So far, we know that a data structure is a way to keep our data, and a linked list is the first data structure we are going to study in this course. Breaking the name "**Linked List**", it is a list of elements (containing data) in which the elements are linked together.

As you can see in the above picture, each data is connected (or linked) to a different data and thus, forming a linear list of data, and this is a linked list. Since data in a linked list are stored in a linear fashion, a linked list is a linear data structure. There are also non-linear data structures like trees, graphs, etc. which we are going to study further in this course.

Till now, you know that we have to connect data of a linked list and to do so, we put our data in nodes and these nodes are connected in the desired fashion.

So before going further, let's discuss about nodes.

## Node

A node can be viewed as a container or a box which contains data and other information in it. Nodes are connected (or organized) in a specific way to make data structures like linked lists, trees, etc.

In the above picture, each node has two parts, one stores the data and another is connected to a different node. The last node is not connected to any other node and thus, its connection to the next node is null.

In a linked list, a node is connected to a different node forming a chain of nodes.

Thus to make a linked list, we first need to make a node which should store some data into it and also a link to another node.

There can be different ways to make this node in different languages, we are going to discuss the making of the node in C, Java and Python.

### C

As discussed above, our node should store some data and a connection to a different node. We will use structure to store this information, and to store the connection, we can simply store the address of the node which it will be linked to.

```
struct node {
int data;
struct node *next;
};
```

So, we have made a structure named node which stores an integer named *data* and a pointer named *next* to another structure (node).

Let’s use this structure to make two nodes and connect one with another.

```
#include <stdio.h>
#include <stdlib.h>
struct node {
int data;
struct node *next;
};
int main() {
struct node *a, *b;
a = malloc(sizeof(struct node));
b = malloc(sizeof(struct node));
a->data = 10;
b->data = 20;
a->next = b;
b->next = NULL;
printf("%d\n%d\n",a->data, a->next->data);
return 0;
}
```

```
struct node *a, *b;
```

a = malloc(sizeof(struct node));

b = malloc(sizeof(struct node));

Here, we are making two nodes (structure named *node*) and allocating space to them using the malloc function.

```
a->data = 10;
```

b->data = 20;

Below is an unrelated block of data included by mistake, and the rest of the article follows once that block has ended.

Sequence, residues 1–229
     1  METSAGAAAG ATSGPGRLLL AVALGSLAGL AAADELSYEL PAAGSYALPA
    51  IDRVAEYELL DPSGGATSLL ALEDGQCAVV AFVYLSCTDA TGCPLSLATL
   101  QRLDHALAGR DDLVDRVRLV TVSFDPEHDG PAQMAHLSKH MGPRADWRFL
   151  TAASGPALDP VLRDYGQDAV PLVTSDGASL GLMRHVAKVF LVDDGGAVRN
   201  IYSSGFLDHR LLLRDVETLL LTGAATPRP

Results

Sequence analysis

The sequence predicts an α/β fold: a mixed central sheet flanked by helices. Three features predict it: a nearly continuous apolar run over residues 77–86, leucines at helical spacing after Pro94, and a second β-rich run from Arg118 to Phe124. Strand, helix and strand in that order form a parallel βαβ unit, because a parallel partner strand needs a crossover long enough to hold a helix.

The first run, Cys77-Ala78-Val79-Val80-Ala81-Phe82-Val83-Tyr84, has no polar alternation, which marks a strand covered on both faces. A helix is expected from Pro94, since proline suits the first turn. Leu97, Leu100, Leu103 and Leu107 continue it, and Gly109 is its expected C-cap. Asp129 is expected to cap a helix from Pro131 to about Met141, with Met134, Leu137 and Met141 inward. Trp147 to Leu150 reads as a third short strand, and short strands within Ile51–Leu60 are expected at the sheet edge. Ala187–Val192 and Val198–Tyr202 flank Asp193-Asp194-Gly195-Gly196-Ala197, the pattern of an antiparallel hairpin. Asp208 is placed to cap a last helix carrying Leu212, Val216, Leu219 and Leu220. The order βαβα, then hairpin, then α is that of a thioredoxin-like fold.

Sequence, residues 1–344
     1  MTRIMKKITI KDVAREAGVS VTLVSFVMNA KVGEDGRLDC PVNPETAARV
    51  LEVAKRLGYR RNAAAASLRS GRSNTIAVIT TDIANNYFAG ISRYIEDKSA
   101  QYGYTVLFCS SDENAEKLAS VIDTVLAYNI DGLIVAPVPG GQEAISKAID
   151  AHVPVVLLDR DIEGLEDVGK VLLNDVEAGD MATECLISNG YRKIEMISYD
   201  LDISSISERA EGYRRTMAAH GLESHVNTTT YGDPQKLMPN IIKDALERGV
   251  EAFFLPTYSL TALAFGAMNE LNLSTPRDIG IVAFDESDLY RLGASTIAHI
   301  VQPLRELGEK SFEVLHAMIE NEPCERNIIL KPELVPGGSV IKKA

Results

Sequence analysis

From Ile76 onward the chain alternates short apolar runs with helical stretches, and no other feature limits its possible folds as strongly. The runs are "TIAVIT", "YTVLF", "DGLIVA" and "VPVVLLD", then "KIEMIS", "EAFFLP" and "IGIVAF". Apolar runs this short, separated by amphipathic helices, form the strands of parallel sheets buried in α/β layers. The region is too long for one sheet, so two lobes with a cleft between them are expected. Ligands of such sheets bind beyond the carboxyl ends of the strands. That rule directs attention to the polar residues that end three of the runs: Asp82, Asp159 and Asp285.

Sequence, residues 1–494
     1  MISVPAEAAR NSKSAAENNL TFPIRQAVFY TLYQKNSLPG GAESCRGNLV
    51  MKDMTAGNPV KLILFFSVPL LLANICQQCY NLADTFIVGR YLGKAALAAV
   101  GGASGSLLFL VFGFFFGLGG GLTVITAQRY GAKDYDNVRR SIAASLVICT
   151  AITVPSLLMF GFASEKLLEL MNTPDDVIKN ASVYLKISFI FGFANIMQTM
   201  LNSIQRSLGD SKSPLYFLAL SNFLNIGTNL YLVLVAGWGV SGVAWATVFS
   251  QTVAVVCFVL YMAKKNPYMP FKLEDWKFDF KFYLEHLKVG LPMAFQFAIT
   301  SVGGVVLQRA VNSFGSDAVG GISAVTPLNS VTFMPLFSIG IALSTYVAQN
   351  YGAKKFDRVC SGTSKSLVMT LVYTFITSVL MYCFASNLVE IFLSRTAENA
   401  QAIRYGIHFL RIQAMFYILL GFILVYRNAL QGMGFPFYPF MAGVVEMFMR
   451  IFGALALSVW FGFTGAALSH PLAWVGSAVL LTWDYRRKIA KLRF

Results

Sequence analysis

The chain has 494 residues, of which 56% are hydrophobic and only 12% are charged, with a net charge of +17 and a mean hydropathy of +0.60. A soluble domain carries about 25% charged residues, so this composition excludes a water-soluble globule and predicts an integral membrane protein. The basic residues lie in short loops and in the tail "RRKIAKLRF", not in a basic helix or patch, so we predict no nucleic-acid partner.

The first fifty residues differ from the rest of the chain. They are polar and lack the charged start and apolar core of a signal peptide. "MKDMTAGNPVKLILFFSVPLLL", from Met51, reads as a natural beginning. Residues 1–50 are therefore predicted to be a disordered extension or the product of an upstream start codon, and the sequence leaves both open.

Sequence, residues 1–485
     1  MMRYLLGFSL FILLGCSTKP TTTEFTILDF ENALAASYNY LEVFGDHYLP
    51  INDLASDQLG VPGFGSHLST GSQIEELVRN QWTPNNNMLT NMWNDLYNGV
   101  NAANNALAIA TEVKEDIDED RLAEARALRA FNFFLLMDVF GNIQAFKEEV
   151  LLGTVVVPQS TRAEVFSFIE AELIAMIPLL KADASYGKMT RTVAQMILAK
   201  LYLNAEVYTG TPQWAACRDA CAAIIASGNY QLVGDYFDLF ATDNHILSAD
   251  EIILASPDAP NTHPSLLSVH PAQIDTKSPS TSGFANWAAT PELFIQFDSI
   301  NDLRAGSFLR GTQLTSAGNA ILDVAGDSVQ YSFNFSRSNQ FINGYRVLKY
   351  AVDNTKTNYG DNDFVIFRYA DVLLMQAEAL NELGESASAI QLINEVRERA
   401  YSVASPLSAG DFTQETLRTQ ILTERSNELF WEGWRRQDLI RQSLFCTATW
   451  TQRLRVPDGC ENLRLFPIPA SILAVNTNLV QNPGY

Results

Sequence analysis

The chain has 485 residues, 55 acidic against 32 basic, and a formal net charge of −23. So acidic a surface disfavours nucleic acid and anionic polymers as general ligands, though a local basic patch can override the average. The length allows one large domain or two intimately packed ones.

And then we are setting the values of *data* of the nodes *a* and *b*.

```
a->next = b;
```

b->next = NULL;

We are storing the address of *b* in the *next* variable of *a*. Thus, *next* of *a* is now storing the address of *b* or we can say the *next* of *a* is pointing to *b*.

Since there is no node for the *next* of *b*, so we are making *next* of *b* null.

### Java

```
class Node {
public int data;
public Node next;
}
```

You can see that we have created a class named Node to represent a node and the class has two members - the first is the data (an integer) which our node is going to store and the other is another node which is the next node.

As we have created our class which meets our requirement of a node, let’s create two objects of this Node class and connect the next of the first node with the second one.

```
class Node {
public int data;
public Node next;
public Node(int d) {
data = d;
}
}
class List {
public static void main(String[] args) {
Node a, b;
a = new Node(10);
b = new Node(20);
a.next = b;
b.next = null;
System.out.print(a.data+"\n"+a.next.data+"\n");
}
}
```

`Node a, b;`

→ Here, we are creating two nodes (or two objects of the Node class).

`a.next = b;`

→ We are storing *b* in next of *a*. So, *next* of *a* is now linked to the node *b*.

Since *b* is the last node (there is no node to point next of *b* to), we are making *next* of *b* null - `b.next = null;`

.

### Python

```
class Node():
def __init__(self, data):
self.data = data
a = Node(10)
b = Node(20)
a.next = b
b.next = None
print(a.data)
print(a.next.data)
```

Here, we have created a class named Node to represent a node. 'data' is used to store the data of the node.

```
a = Node(10)
```

b = Node(20)

We have created two nodes *a* and *b* with data 10 and 20 respectively and then we are making *b* the next of *a* using `a.next = b`

. Since there is no other node to make it *next* of *b*, we are making *next* of *b* `None`

.

Now we know how to create nodes and use them. We also know how to connect a node with a different node, so let’s move ahead and learn about linked lists.

## Making and Traversing a Linked List

In the above examples, we have made two nodes *a* and *b* and we were able to access the node *b* with `a.next`

. Suppose there are few more nodes, we can easily access them if we have access to the first node. This is explained in the picture given below.

Generally, we call the first node of a linked list the "head" of the linked list, and we always keep the access of the head of the linked list so that we have access to all the nodes of a linked list.

### Traversing a Linked List

Traversing is visiting all the nodes of a linked list. As stated above, we always keep a record of the head of a linked list. We also know that the last node of a linked list is null.

So, we start a loop from the head of the linked list and end it when the node is null.

Let's make a function to traverse over all the nodes of a linked list. We will pass the linked list (L) to it - `TRAVERSE(L)`

.

Now, we make a temporary pointer and point it to the head of the linked list (L) - `temp = L.head`

.

We have a pointer pointing to the head of the linked list, thus we can start a loop and end it when this pointer will point to null (last element) i.e., `while(temp != null)`

.

At the end of each iteration, we have to just point the *temp* pointer to the next of the node i.e., `temp = temp.next`

.

TRAVERSE(L) temp = L.head while(temp != null) temp = temp.next

So, `temp = temp.next`

will make the *temp* point the next node in each iteration and the loop will run until the last node (until *temp* is not null).

Till now, we know what a linked list is, what a node is and how to traverse over each node of a linked list. Let's learn about adding nodes to a linked list so that we can make a linked list.